Tuesday 12 October 2010

If you've got it – flaunt it!

In my childhood in the 1950s and 1960s the oil companies were among the most visible brand advertisers – especially on the new medium of television. Challenge a baby boomer today to sing for you “The Esso sign means happy motoring” or “You’re going well you’re going Shell” and most will be able to oblige. But the quadrupling of oil prices in the early 1970s put a stop to all that and whilst there have been occasional flurries of brand advertising in this sector since there has rarely been a period of determined product differentiation advertising. So how should we see Shell’s current UK campaign to promote a new fuel, Shell FuelSave which offers drivers improved fuel efficiency of “Up to one litre per tank” – you can see the TV Commercial here?

Let’s go back to first principles about brand promotion – rules that apply to any sector at any time. There are essentially three components/stages to the putting together of a successful brand differentiation campaign:

1. Design or develop a distinctive product or service
2. Find a creative way of communicating the brand benefits
3. Allocate sufficient media funds to reach your target group effectively.

Let’s review Shell’s new offer against these criteria:

1. In a market in which petrol is seen as a commodity and where the only differentiator is price then Shell’s offer is distinctive and relevant. It is not particularly original in a historical perspective – students of advertising or aging juveniles like me will remember Super Shell with ICA in the 1960s – Super Shell with Platformate in the United States? Take a look at this TV Commercial from 1962. The proposition is identical to that of Shell Fuelsave fifty years later and there is nothing inherently wrong in that. There are really only three fuel differentiation options – Performance, Economy or Environmental benefits. The last named requires an unlikely degree of altruism on the part of the buyer and few will be prepared to pay extra to be green. Performance is a hot button for some and Shell has often had performance advantages as one of the elements for a differentiated fuel (they still do with the premium-priced Shell V-Power). But the real killer proposition should be, as it always has been, economy. If you can get more miles per gallon for the same price you should have a winner - and that’s what Shell Fuelsave offers.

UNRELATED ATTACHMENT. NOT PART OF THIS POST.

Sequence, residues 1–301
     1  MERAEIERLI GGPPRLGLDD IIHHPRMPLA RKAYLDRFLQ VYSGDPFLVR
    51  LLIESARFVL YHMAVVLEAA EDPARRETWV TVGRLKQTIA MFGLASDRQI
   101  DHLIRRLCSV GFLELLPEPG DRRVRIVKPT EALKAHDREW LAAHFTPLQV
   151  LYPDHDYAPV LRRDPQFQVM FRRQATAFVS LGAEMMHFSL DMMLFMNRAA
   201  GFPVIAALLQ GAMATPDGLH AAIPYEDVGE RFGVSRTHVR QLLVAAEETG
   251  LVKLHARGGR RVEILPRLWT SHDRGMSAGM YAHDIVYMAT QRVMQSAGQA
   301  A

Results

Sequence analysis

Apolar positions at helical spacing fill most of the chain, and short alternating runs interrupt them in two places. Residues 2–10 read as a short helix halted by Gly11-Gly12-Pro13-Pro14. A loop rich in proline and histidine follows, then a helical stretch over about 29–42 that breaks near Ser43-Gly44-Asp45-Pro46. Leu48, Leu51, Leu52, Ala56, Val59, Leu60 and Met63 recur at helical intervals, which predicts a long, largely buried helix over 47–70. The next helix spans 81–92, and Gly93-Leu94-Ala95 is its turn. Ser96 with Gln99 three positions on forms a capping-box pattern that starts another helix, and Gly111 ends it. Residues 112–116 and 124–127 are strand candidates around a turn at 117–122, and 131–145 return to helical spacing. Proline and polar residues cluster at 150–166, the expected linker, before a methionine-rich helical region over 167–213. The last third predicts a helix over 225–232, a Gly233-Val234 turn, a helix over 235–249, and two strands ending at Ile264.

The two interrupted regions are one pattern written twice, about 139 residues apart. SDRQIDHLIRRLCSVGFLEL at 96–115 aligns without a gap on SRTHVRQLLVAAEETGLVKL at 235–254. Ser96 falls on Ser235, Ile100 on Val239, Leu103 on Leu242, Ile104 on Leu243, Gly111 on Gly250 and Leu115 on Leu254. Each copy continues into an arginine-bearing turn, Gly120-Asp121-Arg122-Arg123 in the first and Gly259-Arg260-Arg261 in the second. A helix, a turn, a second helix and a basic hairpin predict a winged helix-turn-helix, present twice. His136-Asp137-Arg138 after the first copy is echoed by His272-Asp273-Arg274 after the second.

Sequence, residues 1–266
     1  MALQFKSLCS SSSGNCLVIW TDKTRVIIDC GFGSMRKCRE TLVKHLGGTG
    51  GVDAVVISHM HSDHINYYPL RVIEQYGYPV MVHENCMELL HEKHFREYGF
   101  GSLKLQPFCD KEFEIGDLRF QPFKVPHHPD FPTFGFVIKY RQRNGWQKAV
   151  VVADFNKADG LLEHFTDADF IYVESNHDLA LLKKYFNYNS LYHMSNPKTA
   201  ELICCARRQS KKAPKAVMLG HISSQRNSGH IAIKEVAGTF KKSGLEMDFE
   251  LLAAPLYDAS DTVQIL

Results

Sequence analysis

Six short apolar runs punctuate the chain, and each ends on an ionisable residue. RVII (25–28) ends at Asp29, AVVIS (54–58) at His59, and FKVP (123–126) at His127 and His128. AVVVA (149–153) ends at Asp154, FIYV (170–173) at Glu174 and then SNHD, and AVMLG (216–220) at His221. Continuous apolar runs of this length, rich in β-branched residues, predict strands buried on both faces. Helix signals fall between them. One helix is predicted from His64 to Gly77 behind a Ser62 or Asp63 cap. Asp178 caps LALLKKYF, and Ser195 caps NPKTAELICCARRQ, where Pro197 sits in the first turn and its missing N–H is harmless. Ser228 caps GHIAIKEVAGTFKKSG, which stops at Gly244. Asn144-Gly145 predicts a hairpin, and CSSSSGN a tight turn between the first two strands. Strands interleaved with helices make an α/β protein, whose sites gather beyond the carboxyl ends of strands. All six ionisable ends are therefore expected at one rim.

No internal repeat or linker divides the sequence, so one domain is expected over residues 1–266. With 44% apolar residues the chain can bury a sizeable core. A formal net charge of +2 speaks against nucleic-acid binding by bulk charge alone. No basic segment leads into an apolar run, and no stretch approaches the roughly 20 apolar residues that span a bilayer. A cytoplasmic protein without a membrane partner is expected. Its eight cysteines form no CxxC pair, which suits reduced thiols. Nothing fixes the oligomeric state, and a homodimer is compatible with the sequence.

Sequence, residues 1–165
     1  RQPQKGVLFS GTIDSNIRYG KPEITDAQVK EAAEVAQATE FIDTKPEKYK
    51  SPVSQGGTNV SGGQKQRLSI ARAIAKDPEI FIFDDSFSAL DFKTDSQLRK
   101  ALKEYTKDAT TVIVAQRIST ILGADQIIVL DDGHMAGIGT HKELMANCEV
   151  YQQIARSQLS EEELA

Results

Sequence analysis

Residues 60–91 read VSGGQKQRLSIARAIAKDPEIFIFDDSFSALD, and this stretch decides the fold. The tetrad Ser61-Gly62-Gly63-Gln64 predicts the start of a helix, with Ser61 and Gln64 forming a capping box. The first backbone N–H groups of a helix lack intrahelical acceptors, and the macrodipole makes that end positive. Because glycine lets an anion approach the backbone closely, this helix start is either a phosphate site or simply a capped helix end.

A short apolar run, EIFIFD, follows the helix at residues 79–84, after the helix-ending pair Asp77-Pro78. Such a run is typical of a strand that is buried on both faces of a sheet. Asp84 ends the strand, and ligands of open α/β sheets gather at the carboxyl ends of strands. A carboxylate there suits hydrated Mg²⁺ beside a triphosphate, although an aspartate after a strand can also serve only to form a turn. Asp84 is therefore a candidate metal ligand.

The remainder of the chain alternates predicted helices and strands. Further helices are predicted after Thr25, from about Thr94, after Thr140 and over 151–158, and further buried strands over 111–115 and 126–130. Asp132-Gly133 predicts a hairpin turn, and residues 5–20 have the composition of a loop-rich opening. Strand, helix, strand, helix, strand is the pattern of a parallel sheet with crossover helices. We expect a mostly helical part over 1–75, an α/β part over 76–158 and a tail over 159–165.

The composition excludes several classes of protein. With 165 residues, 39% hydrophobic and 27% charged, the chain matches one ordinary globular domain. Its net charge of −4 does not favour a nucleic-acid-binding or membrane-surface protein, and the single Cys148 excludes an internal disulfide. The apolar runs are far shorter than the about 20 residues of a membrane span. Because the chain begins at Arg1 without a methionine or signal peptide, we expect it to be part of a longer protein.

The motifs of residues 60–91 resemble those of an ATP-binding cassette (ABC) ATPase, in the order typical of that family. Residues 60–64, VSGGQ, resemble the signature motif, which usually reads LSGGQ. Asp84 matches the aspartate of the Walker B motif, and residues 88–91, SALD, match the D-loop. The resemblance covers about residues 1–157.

2. The man in the white coat creative treatment is about as old as advertising itself and Shell’s latest version of this is pretty clichéd and predictable. It is supported by other media – including this promotional video which rather cleverly personalises the technology breakthrough. But it is intriguing that Shell fell back on the Scientist representation rather than getting a direct customer endorsement. Maybe the later is planned for the second phase of the communications – if there is to be one. Alternatively Shell could have created a much more metaphorical advertisement without the strong rational reason to believe that they have in their chosen creative. They have done it before – for example in this ad from the United States. The world of TV advertising is so diverse and cluttered these days that the challenge to be distinctive creatively is a considerable one – and to secure client approval for an attention getting creative idea may also often be difficult – especially if that client comes from the rational/scientific world of an oil company. One suspects that the “man in the white coat” Shell FuelSave ad was what the client wanted – even though the Agency creative department must have known how corny an idea it was! I doubt that it will win too may creative awards – whether it wins advertising effectiveness awards relies on something else – its reach.

3. The reach that any brand advertising has is a direct consequence of its media selection and budget. True fine creative will have impact even if the budget bucks are limited – but in most campaigns the more you spend the more reach you will secure. And this is where I fear that Shell FuelSave may fall down. That there was any TV advertising at all for a differentiated fuel product was something I suppose but ask yourself how often you personally have seen the TV Commercial – if at all. I haven’t seen the figures but my guess is that Shell’s media budget for the launch campaign of Shell FuelSave was quite modest and that there has been a real danger of the ad getting lost amongst the all the other strongly funded FMCG and other consumer advertising that is around. And given the frankly pedestrian nature of the creative I doubt whether the brand has really established itself top of the mind with the motorist. The on-site promotion and signalisation has been good and motorists will certainly have seen the brand on site or when they pass the site by. But have the distinct advantages of the brand really lodged themselves in the mind of the buyer? That will be seen from research and, of course, from the ultimate test of sales revenues.

Paddy Briggs
October 2010

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